D’Eugene Delacroix au Neo-Impressionnisme, Holly Brackenbury, Neo-Impressionist movement, optical mixing of colours, Paris, Paul Signac, Pointillist technique, raised terrace at Meudon, Sotheby's, staccato brushstrokes, suburb of south-west Paris, Terrasse de Meudon
Terrasse de Meudon
By Paul Signac (1863-1935)
Oil on canvas; painted in 1899
Size: 70 x 89 centimetres
(27.5 x 35 inches)
Estimated price: £3-5 million
Price realised: £3,626,250
Painted in 1899, Paul Signac’s Terrasse de Meudon is an exquisite example of the artist’s mastery of the Pointillist technique. The painting is composed of a series of staccato brushstrokes that use an ‘optical mixing’ of colours to achieve an ultimate sensation of pure light and colour.
The scene depicts the view from the raised terrace at Meudon, a suburb of south-west Paris. This beautiful landscape is not only a representation of nature but also a historical record of the architectural development of fin de siecle Paris. At the centre of the composition one can see a modern viaduct, its row of vertical arches echoing the forms of the trees in the foreground.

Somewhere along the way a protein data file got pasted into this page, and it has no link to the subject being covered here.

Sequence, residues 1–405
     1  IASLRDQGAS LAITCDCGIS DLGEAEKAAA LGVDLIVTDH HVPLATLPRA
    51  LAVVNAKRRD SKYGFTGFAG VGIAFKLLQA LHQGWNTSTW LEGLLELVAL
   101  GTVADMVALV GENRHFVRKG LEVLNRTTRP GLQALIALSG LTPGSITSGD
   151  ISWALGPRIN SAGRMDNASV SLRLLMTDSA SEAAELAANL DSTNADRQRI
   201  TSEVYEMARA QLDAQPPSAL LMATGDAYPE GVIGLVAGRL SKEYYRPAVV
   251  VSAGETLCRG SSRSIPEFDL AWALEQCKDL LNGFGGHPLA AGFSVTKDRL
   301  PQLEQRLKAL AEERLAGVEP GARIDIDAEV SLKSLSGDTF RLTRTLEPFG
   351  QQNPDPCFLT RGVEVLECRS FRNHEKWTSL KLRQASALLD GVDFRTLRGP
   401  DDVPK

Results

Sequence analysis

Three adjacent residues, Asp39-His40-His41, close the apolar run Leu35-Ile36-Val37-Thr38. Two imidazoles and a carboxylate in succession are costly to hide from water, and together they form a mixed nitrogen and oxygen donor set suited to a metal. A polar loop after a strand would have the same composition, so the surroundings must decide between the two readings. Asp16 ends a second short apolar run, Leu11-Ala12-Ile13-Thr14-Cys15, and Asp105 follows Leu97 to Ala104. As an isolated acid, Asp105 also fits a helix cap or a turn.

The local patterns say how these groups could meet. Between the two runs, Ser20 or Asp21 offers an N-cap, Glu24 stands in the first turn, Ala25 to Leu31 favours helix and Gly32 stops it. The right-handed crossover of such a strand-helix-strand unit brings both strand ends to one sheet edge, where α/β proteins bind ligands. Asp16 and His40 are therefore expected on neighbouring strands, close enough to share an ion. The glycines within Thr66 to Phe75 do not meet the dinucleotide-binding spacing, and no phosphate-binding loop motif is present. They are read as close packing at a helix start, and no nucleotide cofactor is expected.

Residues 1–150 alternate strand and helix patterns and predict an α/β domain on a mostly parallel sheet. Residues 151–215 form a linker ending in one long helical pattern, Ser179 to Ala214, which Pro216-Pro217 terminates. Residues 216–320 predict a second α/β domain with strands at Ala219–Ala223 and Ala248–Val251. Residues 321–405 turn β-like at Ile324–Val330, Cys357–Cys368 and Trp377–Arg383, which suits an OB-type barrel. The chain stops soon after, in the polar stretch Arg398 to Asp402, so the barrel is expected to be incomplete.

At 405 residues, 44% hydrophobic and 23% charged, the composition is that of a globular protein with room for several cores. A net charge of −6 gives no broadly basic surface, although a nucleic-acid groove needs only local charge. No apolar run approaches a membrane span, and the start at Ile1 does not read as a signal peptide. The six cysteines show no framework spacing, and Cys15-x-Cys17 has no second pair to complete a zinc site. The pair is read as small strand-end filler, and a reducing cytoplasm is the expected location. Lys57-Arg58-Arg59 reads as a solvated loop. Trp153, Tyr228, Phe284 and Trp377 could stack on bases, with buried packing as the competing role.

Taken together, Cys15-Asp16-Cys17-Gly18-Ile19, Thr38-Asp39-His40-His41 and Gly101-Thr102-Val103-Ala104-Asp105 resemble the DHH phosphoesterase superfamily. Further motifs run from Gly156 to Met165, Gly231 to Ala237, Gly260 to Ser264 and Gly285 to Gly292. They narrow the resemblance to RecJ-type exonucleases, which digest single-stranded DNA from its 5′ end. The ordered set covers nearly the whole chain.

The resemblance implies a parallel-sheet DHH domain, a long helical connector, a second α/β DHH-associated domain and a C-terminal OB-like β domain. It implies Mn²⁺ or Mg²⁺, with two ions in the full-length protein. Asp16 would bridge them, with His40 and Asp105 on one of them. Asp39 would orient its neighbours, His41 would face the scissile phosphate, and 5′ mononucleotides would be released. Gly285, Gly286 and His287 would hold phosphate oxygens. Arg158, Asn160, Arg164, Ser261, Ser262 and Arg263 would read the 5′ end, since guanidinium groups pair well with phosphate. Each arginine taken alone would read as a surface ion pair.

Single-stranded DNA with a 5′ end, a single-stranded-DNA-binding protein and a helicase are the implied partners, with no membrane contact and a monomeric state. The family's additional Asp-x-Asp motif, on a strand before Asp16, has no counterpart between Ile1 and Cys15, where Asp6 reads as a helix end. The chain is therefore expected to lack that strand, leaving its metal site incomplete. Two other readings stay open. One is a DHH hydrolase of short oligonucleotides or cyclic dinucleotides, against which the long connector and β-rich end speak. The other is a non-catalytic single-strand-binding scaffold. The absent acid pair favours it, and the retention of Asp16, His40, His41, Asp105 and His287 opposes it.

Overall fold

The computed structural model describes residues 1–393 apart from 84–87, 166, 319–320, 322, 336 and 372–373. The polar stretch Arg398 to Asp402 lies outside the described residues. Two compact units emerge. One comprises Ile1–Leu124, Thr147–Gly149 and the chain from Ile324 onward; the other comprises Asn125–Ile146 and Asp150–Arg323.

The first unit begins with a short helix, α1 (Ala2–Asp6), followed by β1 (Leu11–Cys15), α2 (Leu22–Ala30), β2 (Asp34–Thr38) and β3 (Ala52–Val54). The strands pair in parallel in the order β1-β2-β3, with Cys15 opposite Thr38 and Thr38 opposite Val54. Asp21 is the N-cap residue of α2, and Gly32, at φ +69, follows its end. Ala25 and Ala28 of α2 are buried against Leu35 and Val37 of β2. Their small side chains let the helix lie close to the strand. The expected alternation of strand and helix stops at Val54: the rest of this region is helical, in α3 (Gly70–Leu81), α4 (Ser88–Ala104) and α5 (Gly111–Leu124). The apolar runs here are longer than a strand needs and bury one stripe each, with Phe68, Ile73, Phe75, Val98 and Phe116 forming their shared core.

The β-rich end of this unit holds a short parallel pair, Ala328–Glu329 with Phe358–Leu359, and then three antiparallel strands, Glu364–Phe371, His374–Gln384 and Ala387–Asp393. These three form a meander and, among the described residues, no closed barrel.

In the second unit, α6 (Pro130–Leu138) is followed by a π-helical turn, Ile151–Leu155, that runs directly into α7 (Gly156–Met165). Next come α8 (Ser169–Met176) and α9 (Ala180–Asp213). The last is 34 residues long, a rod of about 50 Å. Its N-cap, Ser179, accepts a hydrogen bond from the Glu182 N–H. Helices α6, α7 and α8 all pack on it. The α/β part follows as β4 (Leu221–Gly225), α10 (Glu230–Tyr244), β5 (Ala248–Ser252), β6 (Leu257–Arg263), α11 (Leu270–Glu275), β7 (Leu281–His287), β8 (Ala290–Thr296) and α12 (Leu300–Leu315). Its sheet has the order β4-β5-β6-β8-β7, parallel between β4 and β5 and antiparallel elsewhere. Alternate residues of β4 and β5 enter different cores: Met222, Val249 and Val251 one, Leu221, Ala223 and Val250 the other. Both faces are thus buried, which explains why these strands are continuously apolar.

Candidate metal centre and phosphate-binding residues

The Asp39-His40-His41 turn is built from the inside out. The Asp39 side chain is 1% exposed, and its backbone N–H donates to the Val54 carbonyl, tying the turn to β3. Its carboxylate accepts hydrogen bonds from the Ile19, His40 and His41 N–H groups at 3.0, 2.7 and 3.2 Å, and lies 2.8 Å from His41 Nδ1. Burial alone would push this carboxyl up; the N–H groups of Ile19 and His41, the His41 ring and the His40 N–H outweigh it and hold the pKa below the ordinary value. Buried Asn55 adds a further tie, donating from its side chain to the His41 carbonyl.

Signac influenced a whole generation of painters across Europe, including Van Gogh and Gustav Klimt whom he exhibited alongside in 1900. In the same year that Signas painted Terrasse de Meudon he published a book on the subject of modern painting entitled D’Eugene Delacroix au Neo-Impressionnisme, in which he outlined the aesthetic agenda of the Neo-Impressionist movement, advocating the use of pure colour and declaring “The enemy of all painters is grey!”
First published in the Adbuzzzz Section of The DAWN National Weekend Advertiser on June 3, 2012.